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Epsilon User's Manual and Reference
   Primitives and EEL Subroutines
      Buffer Primitives
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Epsilon User's Manual and Reference > Primitives and EEL Subroutines > Buffer Primitives >

Comparing Primitives

int compare_buffer_text(int buf1, int pos1,
                        int buf2, int pos2, int fold)
int buffers_identical(int a, int b)

The compare_buffer_text( ) primitive compares two buffers, specified by buffer numbers, starting at the given offsets within each. If fold is nonzero, Epsilon performs case-folding as in searching before comparing each character, using the case-folding rules of the current buffer. The primitive returns the number of characters that matched before the first mismatch.

The buffers_identical( ) subroutine checks to see if two buffers, specified by their buffer numbers, are identical. It returns nonzero if the buffers are identical, zero if they differ. If neither buffer exists, they're considered identical; if one exists, they're different.

do_uniq(int incl_uniq, int incl_dups, int talk)
buf_sort_and_uniq(int buf)

The do_uniq( ) subroutine defined in uniq.e goes through the current buffer comparing each line to the next, and deleting each line unless it meets certain conditions.

If incl_uniq is nonzero, lines that aren't immediately followed by an identical line will be preserved. If incl_dups is nonzero, the first copy of each line that is immediately followed by one or more identical lines will be preserved. (The duplicate lines that follow will always be deleted.)

If talk is nonzero, the subroutine will display status messages as it proceeds.

The buf_sort_and_uniq( ) subroutine sorts the specified buffer and discards duplicate lines in it, with no status messages.

do_compare_sorted(int b1, int b2, char *only1,
                  char *only2, char *both)

The do_compare_sorted( ) subroutine works like the compare-sorted-windows command, but lets you specify the two buffers to compare, and the names of the three result buffers. Any of the result buffer names may be NULL, and the subroutine won't generate data for that buffer.

int tokenize_lines(int buf1, int **lines1, int *len1,
                   int buf2, int **lines2, int *len2)
int lcs(int *lines1, int len1, int *lines2, int len2, char *outbuf)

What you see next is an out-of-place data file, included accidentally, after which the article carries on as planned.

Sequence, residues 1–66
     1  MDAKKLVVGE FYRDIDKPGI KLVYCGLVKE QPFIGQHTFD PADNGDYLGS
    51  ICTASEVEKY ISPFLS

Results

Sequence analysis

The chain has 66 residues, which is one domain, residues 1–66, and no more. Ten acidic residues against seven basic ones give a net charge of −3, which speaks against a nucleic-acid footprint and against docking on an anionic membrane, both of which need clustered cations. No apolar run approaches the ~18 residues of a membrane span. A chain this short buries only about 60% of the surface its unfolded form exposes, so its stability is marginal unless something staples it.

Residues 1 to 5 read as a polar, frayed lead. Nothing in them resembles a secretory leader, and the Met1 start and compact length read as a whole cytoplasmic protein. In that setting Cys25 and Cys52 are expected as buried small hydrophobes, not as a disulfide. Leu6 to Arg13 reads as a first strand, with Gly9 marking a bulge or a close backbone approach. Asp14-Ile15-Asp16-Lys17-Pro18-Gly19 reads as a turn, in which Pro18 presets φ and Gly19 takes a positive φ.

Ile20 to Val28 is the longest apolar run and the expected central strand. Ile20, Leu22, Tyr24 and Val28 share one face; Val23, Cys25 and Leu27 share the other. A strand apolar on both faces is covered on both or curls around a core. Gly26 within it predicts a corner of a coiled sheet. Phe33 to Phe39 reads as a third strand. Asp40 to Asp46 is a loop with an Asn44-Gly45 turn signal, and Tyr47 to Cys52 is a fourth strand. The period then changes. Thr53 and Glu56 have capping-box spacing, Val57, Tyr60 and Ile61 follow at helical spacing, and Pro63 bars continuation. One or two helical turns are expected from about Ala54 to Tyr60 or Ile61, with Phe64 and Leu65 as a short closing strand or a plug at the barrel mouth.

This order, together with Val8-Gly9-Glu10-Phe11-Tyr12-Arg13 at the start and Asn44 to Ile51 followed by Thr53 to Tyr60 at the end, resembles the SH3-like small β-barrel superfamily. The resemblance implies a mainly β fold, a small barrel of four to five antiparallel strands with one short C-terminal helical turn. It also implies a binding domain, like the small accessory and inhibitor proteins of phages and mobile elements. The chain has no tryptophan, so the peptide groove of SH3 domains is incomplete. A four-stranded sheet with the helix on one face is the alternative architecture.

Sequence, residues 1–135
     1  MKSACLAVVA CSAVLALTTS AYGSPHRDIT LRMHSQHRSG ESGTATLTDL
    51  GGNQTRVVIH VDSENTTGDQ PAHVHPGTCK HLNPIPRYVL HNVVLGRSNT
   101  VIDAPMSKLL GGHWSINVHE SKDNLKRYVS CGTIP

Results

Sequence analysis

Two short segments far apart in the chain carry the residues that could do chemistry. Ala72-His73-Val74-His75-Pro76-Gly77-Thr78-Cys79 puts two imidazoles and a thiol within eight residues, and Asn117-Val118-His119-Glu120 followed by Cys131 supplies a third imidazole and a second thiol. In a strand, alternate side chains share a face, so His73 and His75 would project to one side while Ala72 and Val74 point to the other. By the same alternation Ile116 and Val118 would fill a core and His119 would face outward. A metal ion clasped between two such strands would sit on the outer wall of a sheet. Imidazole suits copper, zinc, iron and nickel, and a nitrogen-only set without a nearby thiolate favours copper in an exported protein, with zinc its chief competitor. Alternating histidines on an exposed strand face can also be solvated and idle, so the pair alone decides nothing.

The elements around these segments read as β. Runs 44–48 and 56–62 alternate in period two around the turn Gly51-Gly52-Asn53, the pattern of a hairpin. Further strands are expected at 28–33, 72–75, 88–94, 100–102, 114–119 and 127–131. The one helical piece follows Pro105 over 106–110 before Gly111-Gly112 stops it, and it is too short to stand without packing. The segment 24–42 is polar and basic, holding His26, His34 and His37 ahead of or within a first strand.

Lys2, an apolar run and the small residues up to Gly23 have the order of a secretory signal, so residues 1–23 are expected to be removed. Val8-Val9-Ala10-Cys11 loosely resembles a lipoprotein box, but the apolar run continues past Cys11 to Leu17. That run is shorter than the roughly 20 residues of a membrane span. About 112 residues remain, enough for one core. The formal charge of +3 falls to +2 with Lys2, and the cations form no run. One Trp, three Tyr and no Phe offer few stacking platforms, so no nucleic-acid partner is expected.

These primitives help to compute a minimum set of differences between the lines of two buffers buf1 and buf2. See the implementation of the diff command for an example of their use.

Call the tokenize_lines( ) primitive first. It begins by counting the lines in each buffer (placing the results in len1 and len2). Then it uses the realloc( ) primitive to make room in the arrays passed by reference as lines1 and lines2, which may be null at the start. Each array will have room for one token (unique integer) for each line of its buffer. (The arrays may be freed after calling lcs( ), or reused in later calls.)

The tokenize_lines( ) primitive then fills in the arrays with unique tokens, chosen so that two lines will have the same token if and only if they're identical.

The lcs( ) primitive takes the resulting arrays and line counts, and writes a list of shared line ranges to the specified buffer, one per line, in ascending order. Each line range consists of a line number for the first buffer, a line number for the second (both 0-based) and a line count. For instance, a line "49 42 7" indicates that the seven lines starting at line 49 in the first buffer match the seven lines starting at line 42 in the second (counting lines from 0).

int lcs_char(int buf1, int from1, int to1,
             int buf2, int from2, int to2, char *outbuf)

The lcs_char( ) primitive is a character-oriented version of the tokenize_lines( ) and lcs( ) primitives described above. It compares ranges of characters in a pair of buffers.

It writes a list of shared character ranges to the specified buffer, one per line, in ascending order. Each character range consists of a character offset for the first buffer relative to from1, a character offset for the second buffer relative to from2, and a character count. For instance, a line "49 42 7" in the output buffer indicates that the seven characters in the range from1 + 47 to from1 + 47 + 7 in the first buffer match the seven characters in the range from2 + 42 to from2 + 42 + 7 in the second.

int phoneticize_lines(int dest, int len)

The phoneticize_lines( ) primitive quickly finds sound codes for a list of words. It goes through the current buffer line by line. Each line should contain a word; non-word characters will be ignored. For each line, it writes a corresponding line to the dest buffer with a phonetic code for that word, a string of letters designed so that two words with similar sounds will have the same phonetic code. (It currently uses the Metaphone algorithm for this purpose.) The len value indicates the maximum length of each phonetic code to be produced.



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